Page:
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“While they were eating, Jesus took bread, gave thanks and broke it, and gave it to his disciples, saying, ‘Take and eat; this is my body.’ Then he took the cup, gave thanks and offered it to them, saying, ‘Drink from it, all of you. This is my blood of the covenant, which is poured out for many for the forgiveness of sins…’” (Matthew 26:26-28)
We are all guilty of sinning against God and desperately need his forgiveness in order to be reconciled to him. Thankfully, Jesus took the punishment for our sins on the cross, making it possible for us to be forgiven. (See “Message“.)
“In him [Jesus] we have redemption through his blood, the forgiveness of sins, in accordance with the riches of God’s grace [unmerited favor] that he lavished on us with all wisdom and understanding.” (Ephesians 1:7-8)
The forgiveness that God extends us when we confess and turn away from our sins is incredibly immense and absolutely complete. In fact, it doesn’t matter how many sins we’ve committed or how horrific they are, God promises to forgive all of them. “If we confess our sins, he is faithful and just and will forgive us our sins and purify us from all unrighteousness.” (1 John 1:8-9) and, “…the blood of Jesus, his Son, purifies us from all sin” (1 John 1:7).
This drawing is about Jesus extending his forgiveness not only to his disciples at the Last Supper but also to everyone who looks to him and asks for forgiveness.
Jesus said, “‘…the Son of Man must be lifted up, that everyone who believes in him may have eternal life. For God so loved the world that he gave his one and only Son, that whoever believes in him shall not perish but have eternal life. For God did not send his Son into the world to condemn the world, but to save the world through him.” (John 3:14-17)
Though the Last Supper is a very popular scene in the Christian art world, this particular image came out of a dream God gave me:
I dreamt that a young man armed with an automatic gun went around and open fired on a crowd, killing about 20 people or so.
Afterwards, he was on his knees before God, asking God to forgive him for what he had done. There were many of us Christians surrounding him, praying for him and also asking God to forgive him. As we prayed, the merciful, loving presence of God filled the room. All of us Christians were brought to our knees because of his strong presence and his immense grace, mercy and love. We were all overwhelmed by the fact that God could actually even forgive this mass murderer.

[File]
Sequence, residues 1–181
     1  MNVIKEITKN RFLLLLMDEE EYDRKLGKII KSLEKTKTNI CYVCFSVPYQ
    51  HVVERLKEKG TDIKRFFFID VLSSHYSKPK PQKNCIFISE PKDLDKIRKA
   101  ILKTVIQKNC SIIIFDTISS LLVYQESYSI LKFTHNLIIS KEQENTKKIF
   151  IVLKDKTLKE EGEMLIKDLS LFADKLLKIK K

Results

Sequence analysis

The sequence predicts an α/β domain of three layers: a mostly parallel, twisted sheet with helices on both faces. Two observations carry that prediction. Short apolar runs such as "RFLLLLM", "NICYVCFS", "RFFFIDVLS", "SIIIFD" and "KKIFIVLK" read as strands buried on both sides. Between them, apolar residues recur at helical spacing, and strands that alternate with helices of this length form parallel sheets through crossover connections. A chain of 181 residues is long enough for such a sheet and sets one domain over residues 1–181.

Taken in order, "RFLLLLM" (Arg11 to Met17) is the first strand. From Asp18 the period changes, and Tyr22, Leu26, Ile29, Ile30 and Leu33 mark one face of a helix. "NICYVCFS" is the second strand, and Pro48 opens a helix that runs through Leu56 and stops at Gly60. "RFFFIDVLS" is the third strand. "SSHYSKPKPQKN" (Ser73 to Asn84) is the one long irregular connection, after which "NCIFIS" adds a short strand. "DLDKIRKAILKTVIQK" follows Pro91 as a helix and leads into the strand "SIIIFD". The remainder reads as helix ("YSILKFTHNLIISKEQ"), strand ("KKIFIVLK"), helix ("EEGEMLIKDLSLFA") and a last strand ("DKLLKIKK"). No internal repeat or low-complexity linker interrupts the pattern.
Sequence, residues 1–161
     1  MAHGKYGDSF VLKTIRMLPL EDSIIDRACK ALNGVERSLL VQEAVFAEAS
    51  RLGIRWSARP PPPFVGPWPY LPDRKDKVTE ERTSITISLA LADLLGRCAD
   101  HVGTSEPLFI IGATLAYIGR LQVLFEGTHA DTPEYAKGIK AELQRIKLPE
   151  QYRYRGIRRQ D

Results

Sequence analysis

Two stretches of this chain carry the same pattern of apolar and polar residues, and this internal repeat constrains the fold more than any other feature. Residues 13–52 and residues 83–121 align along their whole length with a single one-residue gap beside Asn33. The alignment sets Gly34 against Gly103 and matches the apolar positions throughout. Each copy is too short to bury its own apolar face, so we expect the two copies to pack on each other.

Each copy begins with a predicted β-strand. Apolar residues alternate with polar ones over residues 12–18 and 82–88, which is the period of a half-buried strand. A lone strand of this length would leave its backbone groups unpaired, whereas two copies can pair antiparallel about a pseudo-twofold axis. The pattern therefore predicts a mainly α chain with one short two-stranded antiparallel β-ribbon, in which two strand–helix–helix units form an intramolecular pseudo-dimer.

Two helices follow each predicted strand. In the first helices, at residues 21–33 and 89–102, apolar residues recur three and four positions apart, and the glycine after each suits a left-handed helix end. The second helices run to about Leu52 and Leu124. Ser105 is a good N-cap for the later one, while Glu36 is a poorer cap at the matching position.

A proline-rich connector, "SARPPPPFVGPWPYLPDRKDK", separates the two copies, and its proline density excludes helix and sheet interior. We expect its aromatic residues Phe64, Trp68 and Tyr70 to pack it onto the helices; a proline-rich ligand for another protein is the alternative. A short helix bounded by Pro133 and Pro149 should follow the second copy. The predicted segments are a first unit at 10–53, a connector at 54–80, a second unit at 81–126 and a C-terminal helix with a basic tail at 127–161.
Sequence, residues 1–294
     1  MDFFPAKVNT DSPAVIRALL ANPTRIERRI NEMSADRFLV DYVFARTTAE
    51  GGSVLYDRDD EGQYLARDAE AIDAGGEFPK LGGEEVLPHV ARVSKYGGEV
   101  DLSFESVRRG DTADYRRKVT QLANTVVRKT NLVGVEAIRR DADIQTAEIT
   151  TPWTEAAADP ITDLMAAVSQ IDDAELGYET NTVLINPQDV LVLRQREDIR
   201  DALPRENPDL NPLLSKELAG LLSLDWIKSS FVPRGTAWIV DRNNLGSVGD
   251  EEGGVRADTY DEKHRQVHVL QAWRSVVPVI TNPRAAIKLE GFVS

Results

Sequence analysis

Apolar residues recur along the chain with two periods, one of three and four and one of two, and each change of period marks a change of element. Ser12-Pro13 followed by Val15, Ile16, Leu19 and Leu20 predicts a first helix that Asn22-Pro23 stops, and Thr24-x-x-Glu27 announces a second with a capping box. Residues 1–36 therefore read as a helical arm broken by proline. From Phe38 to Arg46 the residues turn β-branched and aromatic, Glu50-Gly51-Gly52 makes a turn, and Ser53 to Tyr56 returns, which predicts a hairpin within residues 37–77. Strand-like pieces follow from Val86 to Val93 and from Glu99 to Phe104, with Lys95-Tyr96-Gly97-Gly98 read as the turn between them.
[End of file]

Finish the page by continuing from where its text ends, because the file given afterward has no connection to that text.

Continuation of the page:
What made that young man’s forgiveness possible (and forgiveness possible for ALL of us) was Jesus’ death on the cross. Jesus, though he was sinless, bore the punishment for our sins by his death on the cross. Jesus gave his life to ransom us from the penalty that we justly deserve for our sins–death and an eternity in hell.
As this young man asked God for forgiveness and placed his faith in Jesus to ransom him from his sin, God completely forgave him.
As I was on my knees enveloped in the merciful presence of God, I looked up and saw this picture of the Last Supper (my drawing is a copy of it).
Jesus had his arms extended out towards his disciples and towards all of us, as if he was saying, “My gift of forgiveness is free. It doesn’t matter what you have done. I still love you and want you to be forgiven and saved from your sins and hell. Trust that I have died in your place, paying the punishment for your sins, and you will be saved.”
Compositionally, the architecture of the room forms a cross behind Jesus. Jesus’ hands are upraised as if he is hanging on this cross. His death on the cross is the payment for our sins. Jesus is gesturing with his hands to us, encouraging us to freely receive his gift of forgiveness. He is also showing us the way that this was made possible. The bread and wine in front of him commemorate his body and blood, broken and poured out for us for the forgiveness of sins (Luke 22:14-20).
“You see, at just the right time, when we were still powerless, Christ died for the ungodly. Very rarely will anyone die for a righteous man, though for a good man someone might possibly dare to die. But God demonstrates his own love for us in this: While we were still sinners Christ died for us.
Since we have now been justified by his blood, how much more shall we be saved from God’s wrath through him! For if, when we were God’s enemies, we were reconciled to him through the death of his Son, how much more, having been reconciled, shall we be saved through his life! Not only is this so, but we also rejoice in God through our Lord Jesus Christ, through whom we have now received reconciliation.” (Romans 5:6-11)